The public in China is welcoming the Communist Party's decision to investigate one of the country's once most powerful politicians, former domestic security chief Zhou Yongkang. Analysts say the move by President Xi Jinping is not only an effort to win more support for the party, but an essential step to furthering much needed economic reforms and removing those who would stand in the way of change.
Zhou Yongkang's investigation is dominating headlines and discussion in China. And although there is anticipation it is all leading to a corruption trial, there is also concern that Zhou could receive lighter treatment, given his previous power and influence.
Chinese economist Hu Xingdou says while nothing is certain, he believes China's President Xi Jinping has already shown his unwillingness to compromise.
"Zhou's investigation is part political struggle, but it is unlikely to be used as just a showcase for the anti-corruption drive. I would expect the anti-corruption drive will continue and even higher ranking officials could be next," he said.
Hu believes Zhou eventually will face charges in court, but Chinese historian Zhang Lifan is less certain.
"There are several dilemmas [the leaders are faced with] regarding Zhou Yongkang's case, such as whether Zhou Yongkang will cooperate with the investigation, whether [the authorities] will use his case to ferret out more 'tigers' [high-ranking officials], whether his case will become a political one, whether an anti-party clique might become involved, or whether the case will simply be dealt with as a regular corruption case. It is still hard to tell for the time being," said Zhang.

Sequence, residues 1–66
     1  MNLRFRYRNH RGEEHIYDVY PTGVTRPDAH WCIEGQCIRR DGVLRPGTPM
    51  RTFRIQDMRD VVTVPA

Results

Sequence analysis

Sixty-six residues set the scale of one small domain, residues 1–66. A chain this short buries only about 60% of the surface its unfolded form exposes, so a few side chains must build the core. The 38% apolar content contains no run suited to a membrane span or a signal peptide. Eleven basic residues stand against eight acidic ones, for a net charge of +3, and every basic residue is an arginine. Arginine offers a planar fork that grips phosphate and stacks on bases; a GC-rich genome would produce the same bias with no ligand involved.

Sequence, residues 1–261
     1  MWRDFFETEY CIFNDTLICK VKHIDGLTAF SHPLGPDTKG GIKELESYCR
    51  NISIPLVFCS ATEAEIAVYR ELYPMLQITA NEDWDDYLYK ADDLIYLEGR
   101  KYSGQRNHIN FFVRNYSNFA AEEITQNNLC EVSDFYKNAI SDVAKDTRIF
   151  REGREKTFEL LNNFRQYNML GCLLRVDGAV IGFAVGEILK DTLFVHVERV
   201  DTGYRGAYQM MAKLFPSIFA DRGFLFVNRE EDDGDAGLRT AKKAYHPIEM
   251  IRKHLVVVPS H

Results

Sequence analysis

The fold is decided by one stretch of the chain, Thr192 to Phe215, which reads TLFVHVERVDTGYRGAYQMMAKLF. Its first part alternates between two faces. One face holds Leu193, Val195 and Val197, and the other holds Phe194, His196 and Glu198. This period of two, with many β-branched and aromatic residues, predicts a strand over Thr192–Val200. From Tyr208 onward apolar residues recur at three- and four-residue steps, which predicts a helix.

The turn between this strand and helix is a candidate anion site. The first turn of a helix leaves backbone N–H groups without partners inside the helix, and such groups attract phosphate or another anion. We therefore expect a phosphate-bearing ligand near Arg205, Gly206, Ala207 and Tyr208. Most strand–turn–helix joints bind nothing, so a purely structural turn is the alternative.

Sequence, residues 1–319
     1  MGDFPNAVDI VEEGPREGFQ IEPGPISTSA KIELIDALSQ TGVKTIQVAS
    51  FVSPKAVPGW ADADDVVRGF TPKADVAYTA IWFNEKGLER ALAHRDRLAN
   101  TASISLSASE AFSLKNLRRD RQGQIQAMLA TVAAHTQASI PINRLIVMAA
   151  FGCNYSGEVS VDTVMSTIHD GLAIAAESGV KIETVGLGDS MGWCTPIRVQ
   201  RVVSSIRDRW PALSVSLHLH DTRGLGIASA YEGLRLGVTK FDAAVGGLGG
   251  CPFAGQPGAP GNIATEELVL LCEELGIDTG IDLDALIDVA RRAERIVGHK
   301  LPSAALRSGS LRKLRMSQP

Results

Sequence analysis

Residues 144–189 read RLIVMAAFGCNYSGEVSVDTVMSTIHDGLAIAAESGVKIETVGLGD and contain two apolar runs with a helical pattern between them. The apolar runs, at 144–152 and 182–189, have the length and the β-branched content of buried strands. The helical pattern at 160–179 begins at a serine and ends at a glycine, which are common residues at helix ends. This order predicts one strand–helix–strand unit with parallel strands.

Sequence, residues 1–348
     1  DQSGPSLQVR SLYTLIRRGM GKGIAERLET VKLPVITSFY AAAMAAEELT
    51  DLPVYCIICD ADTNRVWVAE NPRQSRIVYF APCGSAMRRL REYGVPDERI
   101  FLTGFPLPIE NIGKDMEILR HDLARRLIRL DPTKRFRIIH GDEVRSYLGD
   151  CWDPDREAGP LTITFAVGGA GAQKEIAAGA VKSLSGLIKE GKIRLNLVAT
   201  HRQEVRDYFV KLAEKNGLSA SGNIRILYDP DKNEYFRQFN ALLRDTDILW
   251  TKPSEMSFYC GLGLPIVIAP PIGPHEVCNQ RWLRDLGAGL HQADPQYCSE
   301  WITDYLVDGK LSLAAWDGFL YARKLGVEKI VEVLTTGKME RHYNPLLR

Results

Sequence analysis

Zhou was a close ally of former rising political star Bo Xilai, who was sentenced to life in prison last year. Several of Zhou’s former associates already have been fired and some now are facing criminal investigations.
Once a member of China's top political body, the Politburo Standing Committee, the decision to move forward with Zhou's investigation is highly symbolic.
It is also crucial, analysts say, because as China's economy continues to slow, cleaning up rampant corruption is seen as good for the Communist Party and good for business.
Political scientist David Zweig said, "There is too much unbridled uncontrolled power [in China) and he [Zhou] is the classic example of a guy who could misuse that [power]. I think its a good lesson, might be surprising somewhat to the people in China, but it will drive home very much to them that there needs to be constraints of the use and abuse of power in the Chinese political system."
How soon Zhou could face charges is unclear. What is most likely is that he will first be expelled from the party, analysts say, and then face criminal charges -- an effort that could take months, if not longer.